Tesla gets green light from German court to chop down trees for its new Gigafactory

Tesla gets green light from German court to chop down trees for its new Gigafactory

SOURCE: CNBC DATE: February 21, 2020 SNIP: Tesla has been given the go-ahead from a German court to cut down trees [trees that are part of a forest] for its new European factory. Though it doesn’t yet have planning permission to build the so-called Gigafactory in Brandenburg, the local government agency overseeing its intended site gave it permission to clear 91 hectares of forest land. Environmental campaigners opposed to the chopping down of trees had managed to get the higher administrative court of Berlin and Brandenburg to issue an injunction to temporarily halt the preparatory work. But the court, which oversees the region in which Tesla plans on building its new plant, on Thursday decided to throw out the injunction. The decision is “final,” the court said in a statement, paving the way for the U.S. electric car giant to resume the forest clearance. The Green League activist group in Brandenburg, which is situated south-east of Berlin, had expressed anger over the environmental impact of Tesla’s European Gigafactory. But the company said it had addressed such concerns and would replant trees to cover an area “three times the factory plot.” [Common mistake: trees do not equal a...
New £20 notes featuring JMW Turner enter circulation

New £20 notes featuring JMW Turner enter circulation

SOURCE: The Guardian DATE: February 20, 2020 SNIP: The new polymer £20 note featuring the artist JMW Turner is to go into circulation, as the Bank of England begins a mammoth operation to replace the most popular banknote in the country. At least 2bn have been printed, and the Bank expects half of the country’s cash machines to have switched over within the next fortnight. In Scotland, Bank of Scotland and Clydesdale will launch their polymer £20 notes on 27 February, with Royal Bank of Scotland following on 5 March. Banks in Northern Ireland will also change over in 2020, but there is no specific date. The Bank said the banknote will be the single biggest switchover to polymer attempted anywhere in the world. While first adopted by Australia in 1988, US dollars and euros have so far resisted the switch to plastic. According to the Bank of England, if the new £20 notes were laid end to end, they would stretch around the world almost seven times and weigh a total of 1,780 tonnes. The notes are manufactured in England by De La Rue. Old notes removed from circulation are either turned into compost, or burned to generate...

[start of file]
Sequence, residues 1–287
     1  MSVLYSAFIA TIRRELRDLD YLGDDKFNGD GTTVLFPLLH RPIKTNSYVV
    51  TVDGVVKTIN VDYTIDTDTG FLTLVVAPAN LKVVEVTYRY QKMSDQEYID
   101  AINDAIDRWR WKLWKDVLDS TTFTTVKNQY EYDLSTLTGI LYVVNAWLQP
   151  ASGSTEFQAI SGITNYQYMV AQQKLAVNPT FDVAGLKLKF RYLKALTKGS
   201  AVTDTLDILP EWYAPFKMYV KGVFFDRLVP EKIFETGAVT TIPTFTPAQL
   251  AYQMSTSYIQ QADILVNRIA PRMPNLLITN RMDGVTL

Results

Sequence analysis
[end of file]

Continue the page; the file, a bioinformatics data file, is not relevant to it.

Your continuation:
Fates of humans and insects intertwined, warn scientists

Fates of humans and insects intertwined, warn scientists

SOURCE: The Guardian and Biological Conservation (1 & 2). DATE: February 20, 2020 SNIP: The “fates of humans and insects are intertwined”, scientists have said, with the huge declines reported in some places only the “tip of the iceberg”. The warning has been issued by 25 experts from around the world, who acknowledge that little is known about most of the estimated 5.5 million insect species. However, enough was understood to warrant immediate action, they said, because waiting for better data would risk irreversible damage. The researchers said solutions were available and must be implemented immediately. These range from bigger nature reserves and a crackdown on harmful pesticides to individual action such as not mowing the lawn and leaving dead wood in gardens. They also said invertebrates must no longer be neglected by conservation efforts, which tend to focus on mammals and birds. The alert has been published as two articles in the Biological Conservation journal. “The current [insect] extinction crisis is deeply worrisome. Yet, what we know is only the tip of the iceberg,” the scientists write. “We know enough to act immediately. Solutions are now available – we must act upon them.” “Insect declines lead to the loss of essential, irreplaceable services to humanity. Human activity is responsible for almost all current insect population declines and extinctions.” The report notes that only about a fifth of the world’s insect species have even been named, mostly from only single specimens. “Many insect species are going extinct even before being described,” the researchers said. “It is likely that insect extinctions since the industrial era are around 5-10%, ie 250,000...
Oil and gas firms ‘have had far worse climate impact than thought’

Oil and gas firms ‘have had far worse climate impact than thought’